Caroline McAdam Clark RWS
CAROLINE McADAM CLARK - Moving On, 2014
Caroline McAdam Clark is of French Scots background and studied Fine Art at Edinburgh University and Edinburgh College of Art, graduating in 1970. She has studios in London and in Suffolk.
She has taken part in numerous exhibitions and competitions over the years including the Hunting Art Prizes, the Lynn-Painter Stainers exhibitions, the Discerning Eye, Glyndebourne Opera House gallery, Snape Maltings Marland Gallery, Royal British Artists exhibitions (David Wolfers Memorial Prizewinner and St Cuthbert’s Mill Drawing Prize), Lemon Street Gallery Truro, Yew Tree Gallery Morvah, Messums Gallery (Painters and sculptors of East Anglia,) Bankside Gallery (selected for ‘the Artist and Radio 4’ Exhibition); RA Summer exhibition and many other exhibitions across the country.
Her first solo exhibition was in 1978 in London at the Limited Editions Gallery. Since then she has had solo shows with the Patrick Seale & Sally Hunter Gallery (1985); Snape Maltings Concert Hall Gallery (1986); Piers Feetham Gallery (1983, 1999, 2007); Marina Henderson Gallery 1990; Sue Rankin Gallery (1993); Chappel Galleries, Essex (2005).
She has had 9 One Woman shows at the Thackeray Gallery since 1996.
She has work in private collections in the US, the Netherlands, France, Italy and the UK as well as in the collections of West Deutsches Landesbank, Archant Newspaper Group, Firmdale Hotels, East Contemporary Art Collection at UCS, the Royal Watercolour Society, Her Majesty the Queen.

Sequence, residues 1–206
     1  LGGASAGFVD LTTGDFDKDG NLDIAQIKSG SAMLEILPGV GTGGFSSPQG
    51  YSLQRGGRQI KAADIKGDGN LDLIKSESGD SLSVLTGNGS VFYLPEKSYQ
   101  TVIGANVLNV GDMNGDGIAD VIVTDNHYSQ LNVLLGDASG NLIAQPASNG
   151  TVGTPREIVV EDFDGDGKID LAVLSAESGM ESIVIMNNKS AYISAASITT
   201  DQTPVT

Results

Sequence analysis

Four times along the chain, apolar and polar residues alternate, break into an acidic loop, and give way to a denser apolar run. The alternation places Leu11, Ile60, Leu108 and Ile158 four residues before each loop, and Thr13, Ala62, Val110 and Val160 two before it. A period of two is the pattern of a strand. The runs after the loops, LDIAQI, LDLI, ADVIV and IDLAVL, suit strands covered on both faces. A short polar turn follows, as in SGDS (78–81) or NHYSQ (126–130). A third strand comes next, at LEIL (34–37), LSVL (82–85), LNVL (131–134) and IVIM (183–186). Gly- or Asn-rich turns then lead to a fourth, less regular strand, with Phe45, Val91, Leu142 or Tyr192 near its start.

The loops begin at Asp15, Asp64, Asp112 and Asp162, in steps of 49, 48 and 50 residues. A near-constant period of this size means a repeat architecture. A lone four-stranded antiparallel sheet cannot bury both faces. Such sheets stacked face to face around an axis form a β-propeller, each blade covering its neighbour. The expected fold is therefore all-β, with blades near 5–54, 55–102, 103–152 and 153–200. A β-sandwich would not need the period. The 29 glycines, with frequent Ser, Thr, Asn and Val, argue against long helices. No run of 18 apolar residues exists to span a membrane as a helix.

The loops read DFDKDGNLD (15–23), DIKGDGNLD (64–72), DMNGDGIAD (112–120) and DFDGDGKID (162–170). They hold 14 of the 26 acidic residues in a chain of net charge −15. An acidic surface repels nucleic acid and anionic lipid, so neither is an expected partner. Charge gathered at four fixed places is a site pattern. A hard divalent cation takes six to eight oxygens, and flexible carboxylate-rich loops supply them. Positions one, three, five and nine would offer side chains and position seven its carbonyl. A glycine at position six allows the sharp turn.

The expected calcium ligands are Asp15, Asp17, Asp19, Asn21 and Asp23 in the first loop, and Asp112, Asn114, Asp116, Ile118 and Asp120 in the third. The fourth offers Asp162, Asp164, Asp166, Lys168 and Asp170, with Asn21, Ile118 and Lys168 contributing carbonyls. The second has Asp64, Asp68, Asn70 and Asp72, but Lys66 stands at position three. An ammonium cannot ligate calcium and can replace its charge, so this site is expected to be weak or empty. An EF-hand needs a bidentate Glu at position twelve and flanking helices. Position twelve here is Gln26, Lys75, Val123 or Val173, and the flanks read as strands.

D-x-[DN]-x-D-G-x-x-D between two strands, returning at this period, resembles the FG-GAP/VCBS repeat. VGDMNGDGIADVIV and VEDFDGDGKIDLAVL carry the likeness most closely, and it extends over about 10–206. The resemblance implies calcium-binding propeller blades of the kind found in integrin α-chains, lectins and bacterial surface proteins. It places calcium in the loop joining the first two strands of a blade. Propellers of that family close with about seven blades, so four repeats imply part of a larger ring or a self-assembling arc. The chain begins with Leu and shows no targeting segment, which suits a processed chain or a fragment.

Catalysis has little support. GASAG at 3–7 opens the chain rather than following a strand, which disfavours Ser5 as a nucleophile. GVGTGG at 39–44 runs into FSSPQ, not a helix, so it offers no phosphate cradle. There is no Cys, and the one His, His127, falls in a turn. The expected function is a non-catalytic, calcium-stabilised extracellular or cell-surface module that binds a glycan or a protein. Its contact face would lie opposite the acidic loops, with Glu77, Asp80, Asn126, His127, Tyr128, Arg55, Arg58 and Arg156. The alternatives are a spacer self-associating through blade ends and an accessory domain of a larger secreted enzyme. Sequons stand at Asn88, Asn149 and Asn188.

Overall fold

She is currently on the Council of the Royal Watercolour Society.
‘For the last twenty years I have traveled around coastal Britain and in particular the Highlands and Islands. I make drawings and collect information to later re-imagine the experience into a body of work with a narrative shape, both pictorial and intellectual. Travelling into new landscapes is challenging of itself, yielding new ideas and new imagery which also serve to reinvigorate the imagination.
The last five years have introduced me to very different horizons stretching across the states of Arizona and New Mexico,
Looking back I notice that I instinctively reach for ‘landscapes’ that are spare, often bleak, devoid of humans though not of human presence, but that somehow resonate with my particular sensibilities. Pattern and the use of symbols occasionally make an appearance, perhaps reflecting a need to acknowledge human activity and creativity more directly in even the most desolate of expanses.’